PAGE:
Government Tort Claims
Most lawsuits against the government are prohibited by sovereign immunity. However, you may sue the government for negligence in some cases.
There are limitations to suing government entities for tort claims. Additionally, there are strict rules that you must follow, including extremely short deadlines for filing claims.
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Sovereign Immunity and the Texas Tort Claims Act
A tort is an omission or act that leads to the harm or injury of a person. The party committing the tort may be held liable for damages sustained by the injured person.
Sovereign immunity protects a government entity from being sued without its consent. In other words, you cannot sue the government unless the government allows you to do so.
Many states, including Texas, have waived sovereign immunity for some negligence claims. As a result, citizens can sue the state, county, city, and local governments and agencies for injuries. In Texas, sovereign immunity for specific causes of action is waived under the Texas Tort Claims Act.
Under the Texas Tort Claims Act, you may sue the government for damages related to the following:
- Death, personal injury, or property damage caused by a government employee’s use or operation of a motor vehicle during the ordinary scope of the employee’s job; and
- Death or personal injury caused by the condition or use of property that the government would be liable for if it were a private citizen under Texas laws.
Therefore, you might be entitled to compensation if you are injured due to a car accident with a government vehicle. You might receive compensation if you slip and fall in a government building or because of a defect or condition on a city street or sidewalk.
Determining the government’s liability for injuries can be challenging. For example, in some cases, the government must have had actual knowledge of a premises defect before it can be held liable for damages in a slip and fall case. However, an experienced Houston government tort claims attorney understands the requirements to prove government liability for injuries.
What is the Statute of Limitations for a Texas Government Tort Claim?
Most government tort claims have a two-year statute of limitations for filing lawsuits. However, that is assuming you filed a timely notice of your claim with the correct government entity. Failing to file a notice of claim prevents you from filing a lawsuit against the government for injuries.
The Texas Tort Claims Act requires an injured person to file a notice of claim within 180 days (six months) after the accident or injury.
Many cities and counties shorten the notice period significantly. For example, the City of Houston requires you to file a notice of claim within 90 days after the incident or injury. The notice must be made to the mayor and city council.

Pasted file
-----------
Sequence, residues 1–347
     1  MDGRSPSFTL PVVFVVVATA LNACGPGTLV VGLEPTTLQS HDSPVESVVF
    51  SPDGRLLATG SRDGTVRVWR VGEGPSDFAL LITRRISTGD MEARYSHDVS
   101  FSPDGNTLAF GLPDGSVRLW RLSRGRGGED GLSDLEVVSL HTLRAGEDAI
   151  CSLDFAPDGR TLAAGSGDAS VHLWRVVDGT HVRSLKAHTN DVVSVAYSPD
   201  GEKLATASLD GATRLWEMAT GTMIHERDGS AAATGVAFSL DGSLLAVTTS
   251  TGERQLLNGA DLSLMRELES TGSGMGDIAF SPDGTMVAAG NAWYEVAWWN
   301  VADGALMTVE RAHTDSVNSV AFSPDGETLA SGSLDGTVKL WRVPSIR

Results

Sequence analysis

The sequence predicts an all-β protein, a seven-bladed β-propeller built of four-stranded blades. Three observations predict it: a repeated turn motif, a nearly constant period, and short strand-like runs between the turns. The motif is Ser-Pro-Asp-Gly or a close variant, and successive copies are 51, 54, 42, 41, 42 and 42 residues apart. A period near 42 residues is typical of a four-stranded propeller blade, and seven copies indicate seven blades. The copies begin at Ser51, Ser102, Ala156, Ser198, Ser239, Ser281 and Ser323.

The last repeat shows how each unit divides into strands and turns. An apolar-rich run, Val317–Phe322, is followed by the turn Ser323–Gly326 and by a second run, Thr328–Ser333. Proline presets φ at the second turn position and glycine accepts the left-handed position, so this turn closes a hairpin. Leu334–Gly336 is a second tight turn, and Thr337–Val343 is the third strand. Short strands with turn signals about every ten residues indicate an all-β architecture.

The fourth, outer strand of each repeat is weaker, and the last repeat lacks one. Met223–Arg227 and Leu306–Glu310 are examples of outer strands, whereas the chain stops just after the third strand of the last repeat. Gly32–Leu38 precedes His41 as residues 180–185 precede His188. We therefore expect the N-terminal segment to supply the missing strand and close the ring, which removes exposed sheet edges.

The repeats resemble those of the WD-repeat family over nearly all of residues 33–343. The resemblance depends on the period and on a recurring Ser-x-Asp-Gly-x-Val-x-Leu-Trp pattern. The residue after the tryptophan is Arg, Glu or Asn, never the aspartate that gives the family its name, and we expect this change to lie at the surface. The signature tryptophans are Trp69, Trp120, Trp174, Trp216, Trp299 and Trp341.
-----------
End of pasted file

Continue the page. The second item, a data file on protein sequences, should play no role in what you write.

In most cases, the notice of claim against the government must include the following information:
- Identity of the injured parties
- Date of the incident or injury
- Description of the damage or injuries sustained
- The time and place of the injury
- The incident that led to the injury
City and county governments may require additional information in the notice of claim. If you did not file a notice of claim before the deadline, seek legal advice immediately. In some cases, you might proceed with a lawsuit if the government entity had actual notice that someone was injured or died in an accident or incident involving a government facility, vehicle, or employee.
What Damages Can I Recover for a Government Tort Claim in Texas?
Damages that might be included in a claim against the government are:
- Medical bills and expenses
- Physical pain and suffering
- Loss of income and benefits
- Impairments, disfigurement, and disability
- Future lost wages and diminished earning capacity
- Emotional distress and mental anguish
- Out-of-pocket expenses and costs
- Diminished quality of life and loss of enjoyment of life
Unlike a personal injury case against another person or company, the amount of damages you can recover is capped for a government personal injury claim. For example, the state government is only liable for damages up to $250,000 per person and $500,000 per incident for bodily injury or death. Other government entities (e.g., local government entities) have caps of $100,000 per person and $300,000 per incident.
Punitive damages are not permitted in personal injury claims against government entities. Also, claims against emergency responders are limited under the Texas Tort Claims Act. A claim arising from an emergency situation is only allowed if the government employee was acting with reckless disregard or conscious indifference to the safety of others.
Contact a Houston Personal Injury Lawyer for Help With a Government Tort Claim
Tort claims against the government are complicated personal injury cases. The deadlines for filing claims are short, and proving your case could be challenging. However, an experienced Houston personal injury attorney will have extensive experience handling government tort claims.